Balochistan hosts around 400,000 registered Afghans, the majority of whom live in urban settlements alongside their Pakistani hosts. The RAHA initiative in Pakistan, which also includes the North-West Frontier Province, seeks to ensure that not only Afghan refugees but also their host communities can benefit from the rehabilitation of key facilities in the sectors of health, education, water and sanitation.

Starting in 2009, the initiative, which comes under the One UN joint programmes, will also seek to rehabilitate areas affected by the long presence of refugees, through projects in sustainable livelihoods, social cohesion and community development.

By Duniya Aslam Khan in Quetta, Pakistan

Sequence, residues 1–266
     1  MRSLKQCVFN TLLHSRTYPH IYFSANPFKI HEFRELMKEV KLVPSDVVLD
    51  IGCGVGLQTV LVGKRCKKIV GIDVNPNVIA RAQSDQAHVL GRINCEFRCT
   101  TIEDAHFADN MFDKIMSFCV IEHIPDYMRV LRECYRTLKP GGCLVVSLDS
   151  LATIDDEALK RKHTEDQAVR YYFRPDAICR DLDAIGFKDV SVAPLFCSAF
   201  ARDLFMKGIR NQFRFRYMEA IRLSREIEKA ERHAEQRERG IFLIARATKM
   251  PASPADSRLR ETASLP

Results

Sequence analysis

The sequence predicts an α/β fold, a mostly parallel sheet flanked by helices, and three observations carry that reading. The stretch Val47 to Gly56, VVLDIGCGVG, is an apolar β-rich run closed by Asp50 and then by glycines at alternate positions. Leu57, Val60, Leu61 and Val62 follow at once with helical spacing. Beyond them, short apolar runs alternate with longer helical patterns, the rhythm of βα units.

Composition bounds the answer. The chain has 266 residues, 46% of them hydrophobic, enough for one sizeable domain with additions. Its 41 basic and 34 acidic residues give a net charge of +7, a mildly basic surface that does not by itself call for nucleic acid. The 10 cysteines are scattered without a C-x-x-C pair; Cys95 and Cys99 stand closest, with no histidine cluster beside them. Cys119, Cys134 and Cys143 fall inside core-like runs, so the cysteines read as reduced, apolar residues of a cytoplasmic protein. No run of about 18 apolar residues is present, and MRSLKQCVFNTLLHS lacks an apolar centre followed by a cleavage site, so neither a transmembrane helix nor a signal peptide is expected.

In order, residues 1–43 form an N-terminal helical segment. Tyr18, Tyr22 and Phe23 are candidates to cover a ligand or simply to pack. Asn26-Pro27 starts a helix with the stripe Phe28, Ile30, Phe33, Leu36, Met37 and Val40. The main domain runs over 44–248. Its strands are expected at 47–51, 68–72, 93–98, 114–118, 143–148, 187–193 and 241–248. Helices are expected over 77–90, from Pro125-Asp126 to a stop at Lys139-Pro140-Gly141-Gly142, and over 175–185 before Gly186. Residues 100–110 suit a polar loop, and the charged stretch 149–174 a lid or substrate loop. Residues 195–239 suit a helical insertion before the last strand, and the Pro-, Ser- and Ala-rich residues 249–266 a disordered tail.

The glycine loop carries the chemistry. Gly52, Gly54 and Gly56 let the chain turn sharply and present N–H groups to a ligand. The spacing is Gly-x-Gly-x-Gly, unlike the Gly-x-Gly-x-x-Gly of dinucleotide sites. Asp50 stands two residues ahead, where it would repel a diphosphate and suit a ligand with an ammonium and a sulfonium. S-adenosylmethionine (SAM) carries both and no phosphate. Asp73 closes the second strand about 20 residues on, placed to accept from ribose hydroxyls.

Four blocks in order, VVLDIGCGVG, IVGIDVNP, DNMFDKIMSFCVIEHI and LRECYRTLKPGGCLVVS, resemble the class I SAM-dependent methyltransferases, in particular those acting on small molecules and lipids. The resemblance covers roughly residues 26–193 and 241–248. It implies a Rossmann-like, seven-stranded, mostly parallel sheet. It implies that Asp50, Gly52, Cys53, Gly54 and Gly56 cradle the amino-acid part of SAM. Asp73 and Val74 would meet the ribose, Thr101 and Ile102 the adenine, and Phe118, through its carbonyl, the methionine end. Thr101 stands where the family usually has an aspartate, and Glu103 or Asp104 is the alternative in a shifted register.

UNHCR country pages

Afghanistan: Rebuilding a War-Torn Country

The cycle of life has started again in Afghanistan as returnees put their shoulders to the wheel to rebuild their war-torn country.

Return is only the first step on Afghanistan's long road to recovery. UNHCR is helping returnees settle back home with repatriation packages, shelter kits, mine-awareness training and vaccination against diseases. Slowly but surely, Afghans across the land are reuniting with loved ones, reconstructing homes, going back to school and resuming work. A new phase in their lives has begun.

Watch the process of return, reintegration, rehabilitation and reconstruction unfold in Afghanistan through this gallery.